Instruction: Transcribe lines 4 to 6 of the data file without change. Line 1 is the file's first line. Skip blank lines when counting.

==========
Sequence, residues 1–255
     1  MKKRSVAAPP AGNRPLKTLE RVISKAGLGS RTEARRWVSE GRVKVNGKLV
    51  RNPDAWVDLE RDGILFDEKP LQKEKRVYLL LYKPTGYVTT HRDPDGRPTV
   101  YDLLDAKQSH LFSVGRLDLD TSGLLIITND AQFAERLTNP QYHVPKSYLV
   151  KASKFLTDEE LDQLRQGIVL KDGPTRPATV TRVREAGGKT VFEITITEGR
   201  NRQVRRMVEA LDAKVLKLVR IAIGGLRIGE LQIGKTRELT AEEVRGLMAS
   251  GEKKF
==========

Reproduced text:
   101  YDLLDAKQSH LFSVGRLDLD TSGLLIITND AQFAERLTNP QYHVPKSYLV
   151  KASKFLTDEE LDQLRQGIVL KDGPTRPATV TRVREAGGKT VFEITITEGR
   201  NRQVRRMVEA LDAKVLKLVR IAIGGLRIGE LQIGKTRELT AEEVRGLMAS